According to this recent New England Journal of Medicine article, the reforms resulted in both good and bad news. The good news is that 98% of Massachusetts’ citizens have insurance coverage; the bad news is that health care now consumes a whopping 54% of the state’s total budget.

In response, the state is now pursuing cost reforms. As the DMCB understands it, Massachusetts is banking on the principle of “global payment” to incent health care providers to work within a budget. If it works out, the providers will embrace “value” by delivering needed services and cutting waste. If it doesn’t work out, the providers could end up putting savings before patients by withholding medical care.

Continue reading “Cappers vs.Skinners in the Struggle To Control Costs”

How Much Does It Cost To Have An Appendectomy?

Kenneth Lin

Posted 4/24/12 on Common Sense Family Doctor

A few years ago, a good friend of mine who holds bachelor’s and law degrees from Ivy League schools lost his job and became one of the estimated 50 million medically uninsured persons in the U.S. Over the course of several days, he developed increasingly severe abdominal pain, fever, and vomiting. Though reluctant to seek medical attention, he finally was persuaded to visit his local hospital’s emergency department, where he was diagnosed with acute appendicitis. Despite his critical condition and the need for immediate surgery, he refused treatment until the hospital’s billing department gave him an estimate of how much an emergency appendectomy would cost. Then, as he was being prepared for the operating room, he somehow managed to bargain with the surgeon to reduce his customary fees.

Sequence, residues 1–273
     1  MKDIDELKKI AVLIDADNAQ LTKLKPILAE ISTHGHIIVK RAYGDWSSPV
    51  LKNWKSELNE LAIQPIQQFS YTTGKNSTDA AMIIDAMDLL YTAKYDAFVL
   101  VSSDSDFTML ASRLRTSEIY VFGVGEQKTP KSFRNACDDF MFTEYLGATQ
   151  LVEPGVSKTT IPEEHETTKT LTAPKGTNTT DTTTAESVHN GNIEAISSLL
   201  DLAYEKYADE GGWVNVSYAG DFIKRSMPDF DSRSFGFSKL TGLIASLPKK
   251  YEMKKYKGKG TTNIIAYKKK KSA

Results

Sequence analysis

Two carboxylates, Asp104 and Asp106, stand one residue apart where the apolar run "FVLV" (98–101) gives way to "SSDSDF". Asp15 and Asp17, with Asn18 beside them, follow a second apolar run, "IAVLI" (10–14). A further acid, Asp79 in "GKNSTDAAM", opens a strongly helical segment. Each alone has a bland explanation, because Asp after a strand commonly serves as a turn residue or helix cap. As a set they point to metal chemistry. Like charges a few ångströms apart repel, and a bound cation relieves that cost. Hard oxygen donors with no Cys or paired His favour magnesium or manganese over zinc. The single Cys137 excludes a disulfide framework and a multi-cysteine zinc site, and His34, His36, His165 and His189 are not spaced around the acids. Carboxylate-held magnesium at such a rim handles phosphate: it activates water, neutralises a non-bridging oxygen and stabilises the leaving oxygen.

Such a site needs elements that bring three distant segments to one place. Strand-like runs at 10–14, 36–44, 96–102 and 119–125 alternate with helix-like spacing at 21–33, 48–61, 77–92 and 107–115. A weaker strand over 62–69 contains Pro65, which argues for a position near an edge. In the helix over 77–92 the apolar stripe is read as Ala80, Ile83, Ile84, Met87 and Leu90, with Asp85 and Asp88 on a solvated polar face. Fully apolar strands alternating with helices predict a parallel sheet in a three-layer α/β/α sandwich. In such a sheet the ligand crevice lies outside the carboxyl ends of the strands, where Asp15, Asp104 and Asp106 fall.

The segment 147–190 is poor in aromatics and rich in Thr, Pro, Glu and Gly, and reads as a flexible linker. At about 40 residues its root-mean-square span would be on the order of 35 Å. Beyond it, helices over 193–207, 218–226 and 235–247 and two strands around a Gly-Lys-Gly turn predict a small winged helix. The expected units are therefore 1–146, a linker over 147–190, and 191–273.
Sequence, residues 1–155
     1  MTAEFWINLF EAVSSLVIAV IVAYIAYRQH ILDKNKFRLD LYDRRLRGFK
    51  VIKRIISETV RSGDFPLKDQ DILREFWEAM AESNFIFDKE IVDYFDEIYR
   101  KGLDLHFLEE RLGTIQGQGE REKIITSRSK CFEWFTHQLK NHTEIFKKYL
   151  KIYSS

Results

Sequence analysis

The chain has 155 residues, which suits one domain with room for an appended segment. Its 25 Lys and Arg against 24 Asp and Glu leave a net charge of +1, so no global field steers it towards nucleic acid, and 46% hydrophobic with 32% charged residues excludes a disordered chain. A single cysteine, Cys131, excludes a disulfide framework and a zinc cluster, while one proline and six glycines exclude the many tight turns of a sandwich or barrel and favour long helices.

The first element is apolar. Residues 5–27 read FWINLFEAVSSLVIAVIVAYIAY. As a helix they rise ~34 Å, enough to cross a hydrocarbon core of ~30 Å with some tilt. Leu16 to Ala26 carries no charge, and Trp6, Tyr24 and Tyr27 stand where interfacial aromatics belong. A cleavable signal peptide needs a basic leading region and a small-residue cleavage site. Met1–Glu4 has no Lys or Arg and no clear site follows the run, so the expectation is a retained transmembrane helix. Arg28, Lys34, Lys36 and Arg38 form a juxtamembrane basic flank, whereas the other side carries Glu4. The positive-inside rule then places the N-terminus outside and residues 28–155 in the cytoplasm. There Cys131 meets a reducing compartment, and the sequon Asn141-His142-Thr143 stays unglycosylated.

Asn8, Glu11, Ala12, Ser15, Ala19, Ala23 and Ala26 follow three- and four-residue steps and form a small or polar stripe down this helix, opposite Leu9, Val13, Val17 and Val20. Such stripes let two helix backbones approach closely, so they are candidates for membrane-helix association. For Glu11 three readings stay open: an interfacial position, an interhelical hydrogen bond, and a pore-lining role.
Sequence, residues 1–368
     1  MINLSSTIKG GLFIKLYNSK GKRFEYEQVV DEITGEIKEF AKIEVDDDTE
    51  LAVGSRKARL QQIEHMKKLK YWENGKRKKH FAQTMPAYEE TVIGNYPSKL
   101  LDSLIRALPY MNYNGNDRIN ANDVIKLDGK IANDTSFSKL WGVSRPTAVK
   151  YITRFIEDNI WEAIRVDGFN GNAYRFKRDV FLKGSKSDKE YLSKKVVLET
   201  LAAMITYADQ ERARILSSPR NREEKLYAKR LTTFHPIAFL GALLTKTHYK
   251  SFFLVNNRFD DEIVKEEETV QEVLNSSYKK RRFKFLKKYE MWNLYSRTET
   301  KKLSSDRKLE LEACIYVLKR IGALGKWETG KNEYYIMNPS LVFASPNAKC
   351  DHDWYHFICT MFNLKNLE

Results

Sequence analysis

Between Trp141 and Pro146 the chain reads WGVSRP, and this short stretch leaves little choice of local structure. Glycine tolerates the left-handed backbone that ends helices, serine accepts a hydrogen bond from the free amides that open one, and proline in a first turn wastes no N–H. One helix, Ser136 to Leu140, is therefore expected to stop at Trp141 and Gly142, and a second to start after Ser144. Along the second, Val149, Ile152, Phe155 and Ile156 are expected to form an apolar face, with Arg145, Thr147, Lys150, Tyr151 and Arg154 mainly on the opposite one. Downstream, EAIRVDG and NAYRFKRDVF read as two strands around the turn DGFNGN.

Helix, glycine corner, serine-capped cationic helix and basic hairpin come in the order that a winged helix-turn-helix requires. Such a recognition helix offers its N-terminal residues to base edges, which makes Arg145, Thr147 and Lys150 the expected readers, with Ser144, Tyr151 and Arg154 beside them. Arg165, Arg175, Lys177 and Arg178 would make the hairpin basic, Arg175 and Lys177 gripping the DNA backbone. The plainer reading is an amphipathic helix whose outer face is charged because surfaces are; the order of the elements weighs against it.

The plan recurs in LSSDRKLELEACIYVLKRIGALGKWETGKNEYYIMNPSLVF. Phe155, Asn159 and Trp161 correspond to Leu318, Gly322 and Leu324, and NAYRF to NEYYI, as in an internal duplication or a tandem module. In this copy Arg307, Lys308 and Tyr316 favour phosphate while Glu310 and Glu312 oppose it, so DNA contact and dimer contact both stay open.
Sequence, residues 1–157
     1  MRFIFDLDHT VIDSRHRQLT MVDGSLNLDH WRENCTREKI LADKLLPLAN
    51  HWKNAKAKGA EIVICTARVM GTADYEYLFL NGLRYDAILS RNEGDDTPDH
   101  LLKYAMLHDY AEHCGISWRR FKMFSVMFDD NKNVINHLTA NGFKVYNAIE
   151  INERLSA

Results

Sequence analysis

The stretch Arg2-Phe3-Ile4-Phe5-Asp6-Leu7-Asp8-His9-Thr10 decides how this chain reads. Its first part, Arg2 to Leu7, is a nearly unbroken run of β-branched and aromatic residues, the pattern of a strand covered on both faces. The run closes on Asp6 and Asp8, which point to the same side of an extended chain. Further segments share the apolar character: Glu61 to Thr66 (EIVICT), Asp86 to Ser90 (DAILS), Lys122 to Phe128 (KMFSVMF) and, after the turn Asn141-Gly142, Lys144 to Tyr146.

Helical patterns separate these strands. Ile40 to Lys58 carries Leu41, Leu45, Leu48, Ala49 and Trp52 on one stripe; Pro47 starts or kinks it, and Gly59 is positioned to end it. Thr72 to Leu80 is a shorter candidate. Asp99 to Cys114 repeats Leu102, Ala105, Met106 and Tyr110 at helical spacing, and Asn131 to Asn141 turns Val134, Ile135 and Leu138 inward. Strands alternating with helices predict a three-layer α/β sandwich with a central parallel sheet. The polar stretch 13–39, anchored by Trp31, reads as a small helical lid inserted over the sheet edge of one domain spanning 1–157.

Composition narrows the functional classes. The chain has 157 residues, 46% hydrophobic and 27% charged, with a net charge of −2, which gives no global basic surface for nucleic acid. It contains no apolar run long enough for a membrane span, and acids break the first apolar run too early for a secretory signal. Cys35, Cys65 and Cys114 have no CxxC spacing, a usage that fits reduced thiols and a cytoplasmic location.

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Choosing Wisely or Vicely

Bradley Flansbaum

Posted 4/29/12 on The Hospitalist Leader

The press gave the Choosing Wisely initiative, unveiled several weeks ago, a great deal of attention.  Briefly, the ABIM foundation collaborated with Consumer Reports to produce Top 5 lists from nine specialty societies to identify “five tests or procedures commonly used in their field, whose necessity should be questioned and discussed.”  It is a first step to engage patients and physicians in the shapeless “national conversation” on (sensibly) rationing  that everyone speaks of, but never hears.  I write about it now, not just because this process is inevitable—which it is, but because the Society of Hospital Medicine is amongst the next group of eight to offer up recommendations.

Voluntary guidelines generally do not command attention.  One envisions this list of 2500+ much the same way we view our bedroom walk in closets.  The filled shoeboxes of yesteryear are there, but we will not open or utilize their contents again.  Knowing they are near though allows us to sleep better, a token consolation, but alas, they are memories.

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Anatomy of a Walletectomy

Merrill Goozner

Posted 4/25/12 on Gooz News

It all began when Dr. Renee Hsia of the University of California at San Francisco received a simple request from a good friend who had checked into a local hospital for an emergency appendectomy. The fairly routine procedure took place 19,368 times during 2009 in California.